The Muslim Brotherhood is regarded not just by us in Egypt, but by other Arab states — the Emirates, Saudi Arabia, Bahrain — as much more than a political movement; it’s been designated as a “terror group” in those countries. And in your own country, your Senators have been considering passage of the “Muslim Brotherhood Terrorist Designation Act.” A leading American Muslim moderate, Mr. Zuhdi Jasser, testified in favor of this designation. Here is what he said:
“No group embodies the threat of the radical Islamist more than the Muslim Brotherhood, or in Arabic, Ikhw?n Muslim?n. The Muslim Brotherhood is a terrorist organization[.] … Help us, modern-minded, secular, liberal Muslims marginalize their influence by declaring them what they are – a terrorist organization.”
Apparently you think, Mr. Pelley, that we in Egypt, who have had 90 years of experience with the Muslim Brotherhood, are supposed to endure forever their violent challenge to the state. We gave them forty days to disperse from the center of Cairo. That was more than enough. As for the Human Rights Watch figures, figures which my government strongly disputes, those apparently include both those who have “been arrested” and those who have been “charged.” So how many were “arrested” in a sweep and then let go, and how many were in the end actually “charged”? These two categories need to be disentangled.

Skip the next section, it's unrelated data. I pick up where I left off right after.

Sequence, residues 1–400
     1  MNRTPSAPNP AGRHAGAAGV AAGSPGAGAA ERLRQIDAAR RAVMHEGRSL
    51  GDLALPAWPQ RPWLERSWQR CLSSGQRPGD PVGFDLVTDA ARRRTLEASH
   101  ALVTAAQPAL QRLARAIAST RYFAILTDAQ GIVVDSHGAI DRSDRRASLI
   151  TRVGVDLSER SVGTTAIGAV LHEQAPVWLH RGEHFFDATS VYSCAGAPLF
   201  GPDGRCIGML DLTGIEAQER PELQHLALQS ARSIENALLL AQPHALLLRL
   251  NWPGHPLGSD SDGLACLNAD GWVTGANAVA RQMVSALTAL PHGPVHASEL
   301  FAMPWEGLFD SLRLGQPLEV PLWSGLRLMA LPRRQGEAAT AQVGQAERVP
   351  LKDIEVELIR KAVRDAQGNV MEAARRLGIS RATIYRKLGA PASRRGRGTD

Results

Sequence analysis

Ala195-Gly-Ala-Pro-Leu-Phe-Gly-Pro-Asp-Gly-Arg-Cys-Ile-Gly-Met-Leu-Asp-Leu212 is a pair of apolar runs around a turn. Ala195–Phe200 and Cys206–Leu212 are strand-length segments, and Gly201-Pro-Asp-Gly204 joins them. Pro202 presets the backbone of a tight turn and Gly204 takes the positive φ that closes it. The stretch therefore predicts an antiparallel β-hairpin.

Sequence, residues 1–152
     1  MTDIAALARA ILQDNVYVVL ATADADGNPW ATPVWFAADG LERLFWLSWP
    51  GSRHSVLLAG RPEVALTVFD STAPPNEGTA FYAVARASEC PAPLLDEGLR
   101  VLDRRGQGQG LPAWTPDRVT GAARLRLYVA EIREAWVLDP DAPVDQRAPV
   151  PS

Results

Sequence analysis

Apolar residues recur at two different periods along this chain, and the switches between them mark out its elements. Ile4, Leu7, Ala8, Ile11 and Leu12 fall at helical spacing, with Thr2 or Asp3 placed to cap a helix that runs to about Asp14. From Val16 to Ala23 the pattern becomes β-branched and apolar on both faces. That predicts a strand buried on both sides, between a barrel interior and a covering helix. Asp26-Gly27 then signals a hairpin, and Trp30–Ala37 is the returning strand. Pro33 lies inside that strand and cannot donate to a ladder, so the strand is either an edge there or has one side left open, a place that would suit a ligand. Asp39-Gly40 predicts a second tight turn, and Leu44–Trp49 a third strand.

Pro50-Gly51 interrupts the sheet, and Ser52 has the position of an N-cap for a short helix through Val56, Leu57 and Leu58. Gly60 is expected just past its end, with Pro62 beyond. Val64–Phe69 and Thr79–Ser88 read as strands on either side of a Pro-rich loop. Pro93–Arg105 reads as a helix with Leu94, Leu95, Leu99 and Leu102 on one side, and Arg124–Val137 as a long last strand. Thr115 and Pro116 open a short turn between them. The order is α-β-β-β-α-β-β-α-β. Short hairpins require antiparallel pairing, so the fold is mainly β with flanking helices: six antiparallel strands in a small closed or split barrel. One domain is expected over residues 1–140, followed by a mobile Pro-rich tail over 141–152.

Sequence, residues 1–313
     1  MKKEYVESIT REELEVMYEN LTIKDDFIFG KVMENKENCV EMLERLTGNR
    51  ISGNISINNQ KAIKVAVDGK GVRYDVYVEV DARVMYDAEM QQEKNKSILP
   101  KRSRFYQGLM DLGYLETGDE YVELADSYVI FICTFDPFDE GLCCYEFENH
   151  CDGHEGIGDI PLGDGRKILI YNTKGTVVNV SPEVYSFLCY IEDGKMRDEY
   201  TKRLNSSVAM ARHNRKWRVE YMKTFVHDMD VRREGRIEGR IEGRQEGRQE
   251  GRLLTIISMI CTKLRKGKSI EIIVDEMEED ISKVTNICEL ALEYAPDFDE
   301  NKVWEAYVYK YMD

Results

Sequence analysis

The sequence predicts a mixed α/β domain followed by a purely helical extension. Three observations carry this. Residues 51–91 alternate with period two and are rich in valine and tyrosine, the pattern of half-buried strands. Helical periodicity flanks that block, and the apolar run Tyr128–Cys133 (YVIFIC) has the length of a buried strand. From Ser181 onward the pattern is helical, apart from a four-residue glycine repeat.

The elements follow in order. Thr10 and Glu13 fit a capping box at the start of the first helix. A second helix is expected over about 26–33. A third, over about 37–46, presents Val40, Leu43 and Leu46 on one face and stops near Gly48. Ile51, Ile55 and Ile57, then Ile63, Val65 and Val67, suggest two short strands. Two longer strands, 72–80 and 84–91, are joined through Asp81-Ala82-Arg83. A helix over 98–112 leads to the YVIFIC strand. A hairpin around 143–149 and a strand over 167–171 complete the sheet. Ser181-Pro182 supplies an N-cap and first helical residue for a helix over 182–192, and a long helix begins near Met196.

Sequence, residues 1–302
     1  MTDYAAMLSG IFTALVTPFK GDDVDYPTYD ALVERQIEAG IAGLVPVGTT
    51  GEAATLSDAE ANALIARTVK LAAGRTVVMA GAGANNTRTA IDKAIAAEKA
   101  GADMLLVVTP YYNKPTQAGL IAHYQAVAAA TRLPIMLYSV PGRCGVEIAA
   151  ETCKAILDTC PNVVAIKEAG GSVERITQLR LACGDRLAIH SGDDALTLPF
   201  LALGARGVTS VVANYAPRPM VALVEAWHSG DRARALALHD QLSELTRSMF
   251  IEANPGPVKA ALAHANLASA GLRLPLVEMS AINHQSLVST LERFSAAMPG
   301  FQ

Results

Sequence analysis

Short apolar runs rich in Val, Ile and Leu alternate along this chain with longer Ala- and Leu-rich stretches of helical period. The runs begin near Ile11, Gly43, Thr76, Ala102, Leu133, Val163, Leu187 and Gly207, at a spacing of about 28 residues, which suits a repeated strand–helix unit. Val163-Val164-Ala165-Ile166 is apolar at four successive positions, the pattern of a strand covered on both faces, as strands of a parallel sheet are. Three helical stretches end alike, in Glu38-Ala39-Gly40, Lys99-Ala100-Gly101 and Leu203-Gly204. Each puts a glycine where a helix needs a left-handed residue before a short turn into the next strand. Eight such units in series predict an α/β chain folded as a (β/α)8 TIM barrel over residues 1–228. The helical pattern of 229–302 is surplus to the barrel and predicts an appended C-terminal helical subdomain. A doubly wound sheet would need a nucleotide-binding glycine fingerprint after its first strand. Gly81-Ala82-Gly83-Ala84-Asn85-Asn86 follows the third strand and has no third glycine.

What could Pelley then reply?
The part of the interview that caused the Egyptian government to request that it not be broadcast had to do, of course, with Israel. Pelley asked El-Sisi about whether his military was working with Israel against terrorists in North Sinai. El-Sisi confirmed this.
Asked if this cooperation was the closest ever between the former enemies, El-Sisi said, “That is correct… We have a wide range of cooperation with the Israelis.”
Here is what he might have said, going on the offensive:
“That is correct, Mr. Pelley. We have a wide range of cooperation with Israel. Egypt and Israel are both concerned with Daesh establishing itself in the Sinai. Daesh — you know what that means. It means unbelievable terror of every kind, suicide bombers, mass decapitations, burning people to death. The Israelis have not objected in the slightest to our moving soldiers and weapons — artillery, helicopter gunships — into all areas of the Sinai as needed.
This is an oblique reference to the provisions of the Israel-Egypt peace treaty, which put limitations on the number of troops and weapons Egypt can have in the part of the Sinai closest to Israel.
And we have not objected to the Israelis hitting Daesh targets from the air, with drones, helicopters, planes. And we share intelligence on Daesh and other terrorists. If our interests coincide, why shouldn’t we cooperate? Mr. Pelley, are you trying to make me apologize for this? You know what Daesh is like. I won’t do it.
He can, of course, still offer these replies, on facing down the Muslim Brotherhood five and a half years ago in Cairo, on political prisoners, and on cooperation with Israel against Daesh. El-Sisi need only arrange to be interviewed by another American news outlet. He’s a despot. But a semi-enlightened one. What do people expect? Florence Nightingale? This is the Middle East.
First published in Jihad Watch.